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Figure VI. 1.1. Oracle-bone and bronze terms specifying disease entities: (a) ni — sickness (radical); a bed. (b) chi — epidemic disease; a man with arrows of disease attacking him, or lying on a bed. (c) chieh - "itching scabies-like epidemic"; a man with spots of rash lying on a bed. (d) li1 — epidemic fever; man, bed, and scorpion, (e) i — epidemic fever; bed, and hand holding stick; the patient belabored by the disease, (f) nio - fever (later more specifically malarial); man, bed, and spots, with other pictographic components of unknown significance, (g) pi - thin scabs or lesions on the head; bed, and unknown pictographic components, (h) yuan - arthritic pains; bed, and other pictographic components of unclear significance. (i) ku — poison or disease; insects or worms within a vessel. (From Yii 1953.)

period (first eight centuries of the first millennium B.C.). Chinese writing was stylized into approximately its modern form after the first unification of the empire under the Chhin dynasty in the third century B.C.

The radical ni, under which the great majority of diseases were later classified, is revealed by the oracle bones to have been the pictogram of a bed (Figure Vl.l.la). Of the 20 or more medical terms that are found on bronze inscriptions, some four of these are clearly recognizable already on the oracle bones. For example, chi, which subsequently invariably meant "epidemic disease in general," shows a man alone or lying on a bed with the arrow of the disease shooting into him (Figure Vl.l.lb). The word chieh, in great use afterward to designate an "itching scabieslike epidemic" (i.e., infectious fever preceded by rash), shows again a man lying on a bed, but the spots are actually indicated (Figure VI.l.lc). Li1 also means an epidemic fever, and in this case the oracle-bone form seems to show a scorpion (for that is the meaning of the phonetic in this case) occupying the bed alone, with little remaining of the patient; or, perhaps the maggotlike object is the patient, and the scorpion is represented by the little numeral "1" (Figure Vl.l.ld). Another term for epidemic disease, i, combines the disease radical with a phonetic that is a pictogram of a hand holding a stick (Figure Vl.l.le). This, however, has been found only on bronzes. The last of these oracle-bone terms is the word nio, which combines the disease radical with pictograms for tiger and hand; the drawing in Figure Vl.l.lf is complex, and the significance of it is not clear. In later ages, this word came to be confined to fevers of malarial type, but in ancient times it was used to indicate all kinds of fevers.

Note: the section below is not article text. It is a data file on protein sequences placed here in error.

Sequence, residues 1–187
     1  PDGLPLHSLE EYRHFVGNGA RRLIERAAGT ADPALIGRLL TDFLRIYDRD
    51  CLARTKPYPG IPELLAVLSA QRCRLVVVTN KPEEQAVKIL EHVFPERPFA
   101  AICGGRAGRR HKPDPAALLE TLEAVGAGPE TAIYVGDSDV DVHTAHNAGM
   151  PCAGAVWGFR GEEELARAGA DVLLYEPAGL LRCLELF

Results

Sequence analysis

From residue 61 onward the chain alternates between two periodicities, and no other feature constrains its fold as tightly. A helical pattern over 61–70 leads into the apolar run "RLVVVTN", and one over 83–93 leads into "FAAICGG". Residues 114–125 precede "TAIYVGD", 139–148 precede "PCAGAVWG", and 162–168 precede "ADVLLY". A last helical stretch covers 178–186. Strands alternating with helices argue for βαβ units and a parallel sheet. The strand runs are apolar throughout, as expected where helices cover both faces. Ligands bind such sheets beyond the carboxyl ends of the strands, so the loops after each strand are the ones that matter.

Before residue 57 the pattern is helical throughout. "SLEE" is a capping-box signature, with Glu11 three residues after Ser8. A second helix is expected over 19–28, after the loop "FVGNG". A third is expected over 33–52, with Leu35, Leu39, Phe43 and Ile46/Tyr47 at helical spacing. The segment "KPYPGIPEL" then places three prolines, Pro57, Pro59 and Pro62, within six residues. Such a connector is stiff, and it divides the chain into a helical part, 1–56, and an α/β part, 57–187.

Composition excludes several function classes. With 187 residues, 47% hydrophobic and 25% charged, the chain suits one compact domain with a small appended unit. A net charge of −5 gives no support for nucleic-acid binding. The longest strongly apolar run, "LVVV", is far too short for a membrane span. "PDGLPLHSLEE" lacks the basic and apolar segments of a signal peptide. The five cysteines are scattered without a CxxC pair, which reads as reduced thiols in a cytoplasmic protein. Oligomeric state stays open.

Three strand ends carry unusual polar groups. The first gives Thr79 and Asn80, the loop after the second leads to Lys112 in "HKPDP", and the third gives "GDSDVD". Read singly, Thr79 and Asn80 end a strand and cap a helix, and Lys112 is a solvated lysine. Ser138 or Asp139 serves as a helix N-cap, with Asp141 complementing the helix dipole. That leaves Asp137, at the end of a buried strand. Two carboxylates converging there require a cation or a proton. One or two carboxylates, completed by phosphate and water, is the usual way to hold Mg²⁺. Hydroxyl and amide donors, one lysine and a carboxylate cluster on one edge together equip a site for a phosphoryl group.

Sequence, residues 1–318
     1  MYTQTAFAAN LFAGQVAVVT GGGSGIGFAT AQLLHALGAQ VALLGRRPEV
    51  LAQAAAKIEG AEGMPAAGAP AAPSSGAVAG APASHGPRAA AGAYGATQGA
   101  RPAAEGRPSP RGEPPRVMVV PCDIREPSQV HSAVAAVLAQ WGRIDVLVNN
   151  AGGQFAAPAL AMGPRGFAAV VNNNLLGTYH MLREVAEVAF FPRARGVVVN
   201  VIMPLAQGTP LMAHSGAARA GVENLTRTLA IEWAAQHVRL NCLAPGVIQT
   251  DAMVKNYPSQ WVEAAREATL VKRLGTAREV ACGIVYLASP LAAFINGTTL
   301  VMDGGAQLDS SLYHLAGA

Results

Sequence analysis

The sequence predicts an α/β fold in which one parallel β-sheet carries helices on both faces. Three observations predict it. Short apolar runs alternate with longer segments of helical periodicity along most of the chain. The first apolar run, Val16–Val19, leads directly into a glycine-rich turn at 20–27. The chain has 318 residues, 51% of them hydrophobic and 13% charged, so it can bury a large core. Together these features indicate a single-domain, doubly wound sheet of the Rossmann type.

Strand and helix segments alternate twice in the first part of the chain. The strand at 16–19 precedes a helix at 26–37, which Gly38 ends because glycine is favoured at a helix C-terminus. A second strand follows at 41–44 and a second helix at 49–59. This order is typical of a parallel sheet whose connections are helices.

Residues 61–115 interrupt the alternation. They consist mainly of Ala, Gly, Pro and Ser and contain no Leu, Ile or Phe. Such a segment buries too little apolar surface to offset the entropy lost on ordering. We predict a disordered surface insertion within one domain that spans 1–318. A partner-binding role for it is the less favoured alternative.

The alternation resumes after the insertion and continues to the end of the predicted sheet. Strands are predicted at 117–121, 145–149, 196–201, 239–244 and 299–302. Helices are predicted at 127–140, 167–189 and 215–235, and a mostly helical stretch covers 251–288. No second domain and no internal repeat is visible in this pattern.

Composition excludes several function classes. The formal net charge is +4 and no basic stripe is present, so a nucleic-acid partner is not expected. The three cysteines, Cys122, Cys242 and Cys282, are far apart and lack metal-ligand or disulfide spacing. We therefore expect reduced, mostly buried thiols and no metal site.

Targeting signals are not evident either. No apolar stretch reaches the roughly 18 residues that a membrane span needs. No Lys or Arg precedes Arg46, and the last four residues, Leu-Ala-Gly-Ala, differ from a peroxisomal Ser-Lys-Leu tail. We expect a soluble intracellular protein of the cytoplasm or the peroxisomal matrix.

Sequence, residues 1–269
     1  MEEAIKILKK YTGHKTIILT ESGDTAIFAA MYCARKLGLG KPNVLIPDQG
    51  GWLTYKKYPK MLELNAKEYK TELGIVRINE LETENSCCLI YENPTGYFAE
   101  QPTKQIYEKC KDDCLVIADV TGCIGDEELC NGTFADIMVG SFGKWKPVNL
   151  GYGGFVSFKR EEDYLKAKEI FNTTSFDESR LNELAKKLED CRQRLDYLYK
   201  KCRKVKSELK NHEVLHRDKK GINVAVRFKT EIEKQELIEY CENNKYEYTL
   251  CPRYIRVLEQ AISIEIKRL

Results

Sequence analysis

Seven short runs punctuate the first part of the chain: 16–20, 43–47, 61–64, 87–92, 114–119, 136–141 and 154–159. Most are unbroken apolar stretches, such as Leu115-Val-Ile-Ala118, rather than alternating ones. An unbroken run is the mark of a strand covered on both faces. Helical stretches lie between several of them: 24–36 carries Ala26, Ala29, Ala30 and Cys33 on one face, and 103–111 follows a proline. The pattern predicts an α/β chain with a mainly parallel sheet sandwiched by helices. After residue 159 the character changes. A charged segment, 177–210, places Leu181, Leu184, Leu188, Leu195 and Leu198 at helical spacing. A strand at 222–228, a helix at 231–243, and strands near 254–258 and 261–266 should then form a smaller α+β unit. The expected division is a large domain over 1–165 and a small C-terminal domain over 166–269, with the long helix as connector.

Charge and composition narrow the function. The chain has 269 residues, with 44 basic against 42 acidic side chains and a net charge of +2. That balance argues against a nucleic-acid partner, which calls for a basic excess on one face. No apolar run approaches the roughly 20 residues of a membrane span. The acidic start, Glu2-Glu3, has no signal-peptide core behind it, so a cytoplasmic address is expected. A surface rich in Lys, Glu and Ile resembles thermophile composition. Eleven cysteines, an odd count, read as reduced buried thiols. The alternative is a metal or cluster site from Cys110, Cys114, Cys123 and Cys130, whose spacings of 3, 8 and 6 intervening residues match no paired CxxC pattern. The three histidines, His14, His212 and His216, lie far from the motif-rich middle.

Among the bronze forms we find the word pi (Figure Vl.l.lg), which means "thin scabs" or "lesions on the head," suggesting eczema and lichen or alopecia or psoriasis, for which there were other words used later on. On the bronze we also find yuan (Figure Vl.l.lh), which signified arthritic pains in the joints.

The medical content of the oracle bones is, of course, far from exhausted by mere consideration of the few technical terms that had been developed at that early time. Many inscriptions show that illnesses were defined without relying on technical terms. From these we know that there were diseases of the special sense-organs such as eyes and ears; dental problems; speech defects; abdominal diseases; dysuria; diseases of the extremities, including beriberilike syndromes; and pregnancy abnormalities and diseases of women and children. We also know of epidemic diseases coming at a particular time of year and causing death. All these they mention without recourse to a technical phraseology. There is one other oracle-bone term of great interest, however, and that is the poison or disease ku (Figure Vl.l.li): This pictogram indicates insects or worms within a vessel. Although we know that in later ages ku did indicate particular poisons prepared artificially by humans, there is also reason to think that it referred to a particular disease. This has been identified by Fan Hsing-chun and others as schistosomiasis, partly because the term ku occurs so often in combination with the term chang (ku1 chang, ku2 chang) and hence indicates without any doubt edematous conditions of various kinds - in particular, ascites. And the Nei Ching describes similar syndromes; certainly in schistosomiasis the liver and spleen become enlarged, and ascites occurs when the disease is chronic.

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